Gennifer believes in the joy of living
The small grain-sized lump that was diagnosed as breast cancer in 2008 was part of my breast for 14 years. When I first discovered it back then, it was just a tiny bump with no traces of cancer. I had the lump tested by five doctors who declared it safe.
My husband has been a cancer patient for 20 years now, so I was regular with my check up too. I spend a lot of my time doing social service and volunteering for many causes and am quite aware of the reality that cancer is.
In 2007, I was operated for abnormalities in my kidney which seemed like legions of cancer, but was dismissed later. The findings from this operation were published in the medical journals of London and Germany. It was that doctor who recommended I get a thorough test of my breasts done immediately.
I soon underwent a biopsy which revealed that the small grain-sized lump I’ve had for 14 years had turned cancerous. My family was a bit surprised at first, but they were prepared for whatever was to come.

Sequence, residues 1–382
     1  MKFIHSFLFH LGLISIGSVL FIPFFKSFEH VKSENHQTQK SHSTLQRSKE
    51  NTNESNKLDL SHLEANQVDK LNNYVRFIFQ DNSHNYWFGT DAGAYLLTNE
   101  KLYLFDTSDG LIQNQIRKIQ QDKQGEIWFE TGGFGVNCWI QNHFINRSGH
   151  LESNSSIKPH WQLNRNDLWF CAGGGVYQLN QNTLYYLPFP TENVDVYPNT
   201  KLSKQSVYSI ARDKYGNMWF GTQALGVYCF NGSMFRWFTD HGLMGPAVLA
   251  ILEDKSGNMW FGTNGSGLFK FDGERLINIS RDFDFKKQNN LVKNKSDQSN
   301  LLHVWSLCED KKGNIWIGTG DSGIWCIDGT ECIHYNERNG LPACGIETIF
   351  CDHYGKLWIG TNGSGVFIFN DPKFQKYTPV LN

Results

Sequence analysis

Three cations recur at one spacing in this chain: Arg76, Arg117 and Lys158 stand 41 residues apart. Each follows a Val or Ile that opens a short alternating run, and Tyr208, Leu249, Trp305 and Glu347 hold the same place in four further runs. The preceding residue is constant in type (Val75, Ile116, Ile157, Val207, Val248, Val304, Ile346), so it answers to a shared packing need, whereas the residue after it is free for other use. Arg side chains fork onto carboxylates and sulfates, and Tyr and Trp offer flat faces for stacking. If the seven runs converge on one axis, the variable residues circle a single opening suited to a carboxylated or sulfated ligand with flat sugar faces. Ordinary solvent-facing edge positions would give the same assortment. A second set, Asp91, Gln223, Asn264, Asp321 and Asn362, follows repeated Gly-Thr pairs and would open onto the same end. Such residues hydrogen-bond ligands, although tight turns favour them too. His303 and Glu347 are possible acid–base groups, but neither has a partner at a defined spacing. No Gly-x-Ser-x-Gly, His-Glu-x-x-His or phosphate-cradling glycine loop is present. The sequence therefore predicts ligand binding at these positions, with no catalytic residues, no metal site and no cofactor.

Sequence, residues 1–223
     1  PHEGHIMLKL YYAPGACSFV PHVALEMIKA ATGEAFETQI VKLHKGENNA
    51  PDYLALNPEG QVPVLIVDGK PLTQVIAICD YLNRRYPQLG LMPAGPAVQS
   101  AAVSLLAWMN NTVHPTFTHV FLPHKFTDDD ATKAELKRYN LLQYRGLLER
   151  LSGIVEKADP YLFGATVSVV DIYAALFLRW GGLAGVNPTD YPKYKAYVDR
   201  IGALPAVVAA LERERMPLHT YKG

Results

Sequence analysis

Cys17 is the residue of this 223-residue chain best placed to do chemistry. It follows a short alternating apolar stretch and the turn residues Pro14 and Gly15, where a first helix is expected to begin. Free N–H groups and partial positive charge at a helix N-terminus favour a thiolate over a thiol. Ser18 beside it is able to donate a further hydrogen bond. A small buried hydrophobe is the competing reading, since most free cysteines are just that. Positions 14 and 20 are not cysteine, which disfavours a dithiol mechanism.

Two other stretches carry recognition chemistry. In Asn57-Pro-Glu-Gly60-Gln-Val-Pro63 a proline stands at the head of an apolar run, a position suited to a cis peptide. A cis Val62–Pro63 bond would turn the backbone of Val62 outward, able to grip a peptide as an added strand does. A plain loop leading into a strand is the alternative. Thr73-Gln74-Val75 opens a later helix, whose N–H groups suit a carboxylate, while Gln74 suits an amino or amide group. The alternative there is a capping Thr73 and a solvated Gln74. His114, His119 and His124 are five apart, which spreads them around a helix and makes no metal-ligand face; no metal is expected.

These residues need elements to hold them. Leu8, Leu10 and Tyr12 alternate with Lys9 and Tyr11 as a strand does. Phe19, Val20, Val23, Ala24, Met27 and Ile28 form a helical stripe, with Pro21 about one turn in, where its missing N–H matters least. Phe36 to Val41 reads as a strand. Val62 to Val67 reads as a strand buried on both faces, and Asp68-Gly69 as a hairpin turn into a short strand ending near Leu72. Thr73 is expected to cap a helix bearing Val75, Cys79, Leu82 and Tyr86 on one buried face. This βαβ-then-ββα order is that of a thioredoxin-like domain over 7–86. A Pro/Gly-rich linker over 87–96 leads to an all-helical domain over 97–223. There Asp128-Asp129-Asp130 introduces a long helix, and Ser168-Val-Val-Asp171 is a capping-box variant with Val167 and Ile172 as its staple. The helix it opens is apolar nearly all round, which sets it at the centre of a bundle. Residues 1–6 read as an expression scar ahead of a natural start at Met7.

Within the next two days I had my surgery and I signed my consent form to remove my breast. But luckily during the surgery the doctor decided that I could keep my breast and only removed the lump. I wasn’t prescribed chemo but I did take radiation for a month, which did not cause any kind of discomfort. I am a positive person and I try to keep myself busy with social activities. The thought of having breast cancer never upset me.
For 14 years the lump felt normal, like it was a button of my shirt. I was treated for breast cancer at a very early stage because I was aware and alert about it. Today, I work for various social causes and volunteer with NGOs like Maitri and Mahak. I most sincerely believe in the joy of giving as much as in the joy of living. Take life as it comes; if you accept, then only can you change it.
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Image Courtesy: Shantanu Rao
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